In one of our book club meetings recently, we discussed belief and how what a person believes in can actually be a dangerous thing. I’ve always thought that a person can believe what they want to, as long as I’m allowed to do the same and our beliefs don’t cause each other physical harm or distress. I guess it’s a little more complicated than that. Some beliefs, while not being demonstrated by outward abuse or violence, can simmer below the surface and hinder the progress of others.
There are many times during my workday that I feel like the most enlightened person in the room. I know that sounds egotistical, but you would have to meet some of the people that I work with to understand that it’s not. It seems that my village has more than its fair share of idiots and that most of them work with me.
Yesterday, two coworkers informed me that neither they or anyone they knew would be voting for a woman or a “n*gger” for presidential office. Knowing that I would have no problem supporting either Clinton or Obama, I was appalled that anyone would so blatantly admit to their racism and sexism without a hint of embarrassment. I immediately informed them that they didn’t represent the majority of people in this country, a weak attempt to make them feel as insignificant as the minorities they were railing against.
The conversation morphed into a discussion about religion and “the truth”, which they informed me was anything found in scripture. I said that truth means different things to different people, while one claimed that his thirty-something pastor could always tell the truth by referring to the Bible. I countered that reading the Bible is all about interpretation, and was then told that there was no point in discussing the “truth” with someone who doesn’t believe in the infallibility of scripture. As the conversation was quickly deteriorating to the point of argument, I decided that it was time to bite my tongue.
While I am flabbergasted by many of their beliefs and consider them to be extreme, I’m sure they think the same of mine. The difference is that I try to err on the side of justice, kindness, and reason while many of their beliefs are rooted in discrimination and ignorance. I can’t help but wonder how they came to feel the way they do about certain issues, while I feel so completely different. Did personal experience or parental coaching help mold their beliefs into what they are today?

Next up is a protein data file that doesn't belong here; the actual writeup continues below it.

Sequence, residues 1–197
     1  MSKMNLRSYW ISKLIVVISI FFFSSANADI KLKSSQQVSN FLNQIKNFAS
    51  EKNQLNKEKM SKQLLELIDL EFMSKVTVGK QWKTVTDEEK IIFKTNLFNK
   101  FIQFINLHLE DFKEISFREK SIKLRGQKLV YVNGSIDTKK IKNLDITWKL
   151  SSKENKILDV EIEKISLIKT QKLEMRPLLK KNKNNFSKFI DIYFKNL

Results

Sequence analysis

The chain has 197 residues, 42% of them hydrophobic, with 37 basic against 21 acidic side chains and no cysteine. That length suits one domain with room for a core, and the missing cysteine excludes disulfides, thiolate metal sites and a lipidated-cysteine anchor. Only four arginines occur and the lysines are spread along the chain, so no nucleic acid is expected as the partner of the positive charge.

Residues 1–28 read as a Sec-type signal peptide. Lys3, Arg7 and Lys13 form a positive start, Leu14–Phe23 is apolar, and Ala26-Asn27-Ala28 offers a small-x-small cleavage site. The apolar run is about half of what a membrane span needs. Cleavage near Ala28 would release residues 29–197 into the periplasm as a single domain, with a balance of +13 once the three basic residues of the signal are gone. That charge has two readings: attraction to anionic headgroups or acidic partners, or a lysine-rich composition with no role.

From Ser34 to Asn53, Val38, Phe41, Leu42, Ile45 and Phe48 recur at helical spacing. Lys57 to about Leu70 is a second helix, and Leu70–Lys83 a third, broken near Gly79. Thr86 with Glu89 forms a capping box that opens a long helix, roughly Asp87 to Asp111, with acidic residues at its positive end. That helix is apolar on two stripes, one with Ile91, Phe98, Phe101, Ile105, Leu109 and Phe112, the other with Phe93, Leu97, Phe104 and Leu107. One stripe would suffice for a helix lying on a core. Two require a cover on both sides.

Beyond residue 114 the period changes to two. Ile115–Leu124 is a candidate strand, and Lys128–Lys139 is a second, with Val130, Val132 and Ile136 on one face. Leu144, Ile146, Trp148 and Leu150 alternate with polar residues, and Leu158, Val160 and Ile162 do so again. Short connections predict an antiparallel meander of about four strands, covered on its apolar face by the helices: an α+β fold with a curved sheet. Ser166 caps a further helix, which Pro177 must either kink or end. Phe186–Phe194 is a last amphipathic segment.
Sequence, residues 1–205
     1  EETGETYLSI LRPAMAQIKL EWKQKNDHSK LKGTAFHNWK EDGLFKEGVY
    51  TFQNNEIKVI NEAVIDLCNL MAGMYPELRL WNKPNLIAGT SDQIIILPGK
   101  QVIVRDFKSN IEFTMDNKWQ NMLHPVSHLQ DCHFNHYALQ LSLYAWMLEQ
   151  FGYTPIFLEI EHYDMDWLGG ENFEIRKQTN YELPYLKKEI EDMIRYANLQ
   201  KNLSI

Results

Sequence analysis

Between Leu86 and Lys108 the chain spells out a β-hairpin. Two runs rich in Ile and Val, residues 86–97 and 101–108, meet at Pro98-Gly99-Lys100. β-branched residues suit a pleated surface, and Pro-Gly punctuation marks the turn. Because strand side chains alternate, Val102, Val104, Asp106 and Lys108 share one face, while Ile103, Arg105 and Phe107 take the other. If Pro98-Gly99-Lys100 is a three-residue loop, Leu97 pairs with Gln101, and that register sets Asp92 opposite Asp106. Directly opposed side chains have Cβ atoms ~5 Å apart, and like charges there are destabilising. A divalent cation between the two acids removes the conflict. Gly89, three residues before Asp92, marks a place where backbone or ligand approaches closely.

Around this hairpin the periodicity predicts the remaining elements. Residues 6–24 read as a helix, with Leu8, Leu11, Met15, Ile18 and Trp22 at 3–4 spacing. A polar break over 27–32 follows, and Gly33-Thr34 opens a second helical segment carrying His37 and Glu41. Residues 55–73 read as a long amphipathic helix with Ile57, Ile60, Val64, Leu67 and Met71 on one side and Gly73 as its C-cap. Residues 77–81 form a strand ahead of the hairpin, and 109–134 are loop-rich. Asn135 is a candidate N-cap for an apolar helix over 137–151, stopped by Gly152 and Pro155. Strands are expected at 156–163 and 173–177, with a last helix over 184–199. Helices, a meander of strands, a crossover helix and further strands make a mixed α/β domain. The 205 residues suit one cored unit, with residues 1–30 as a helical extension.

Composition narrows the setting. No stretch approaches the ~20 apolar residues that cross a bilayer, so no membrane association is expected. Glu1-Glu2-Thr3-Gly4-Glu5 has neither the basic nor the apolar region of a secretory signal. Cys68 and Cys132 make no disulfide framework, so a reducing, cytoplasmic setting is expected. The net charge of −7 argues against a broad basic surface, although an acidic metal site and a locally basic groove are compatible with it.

I know I’m not always right or that what I consider truth is superior to others, but I can defend most of my beliefs with something more than a gut feeling or a random Bible verse that is taken out of context. The search for truth which my coworkers referred to is so much more complex than their narrow concept of it. While they consider it to be absolute and tangible, I consider it to be relative and just outside my grasp. Yes, there are universal truths, but a combination of experience and reason usually brings forth a personal truth – something that we believe wholeheartedly, even if it’s wrong.
I sincerely hope that none of my beliefs are damaging to another person. Racism and sexism hurts other humans and homophobia hurts our brothers and sisters, yet some people still live and breathe those ideologies. I pray that I am not so steadfast in my opinions that I wouldn’t even consider changing them if presented with evidence to the contrary. That doesn’t make me wishy-washy, it just makes me open-minded and willing to evolve. That’s a characteristic that seems to be sorely lacking in my neck of the woods.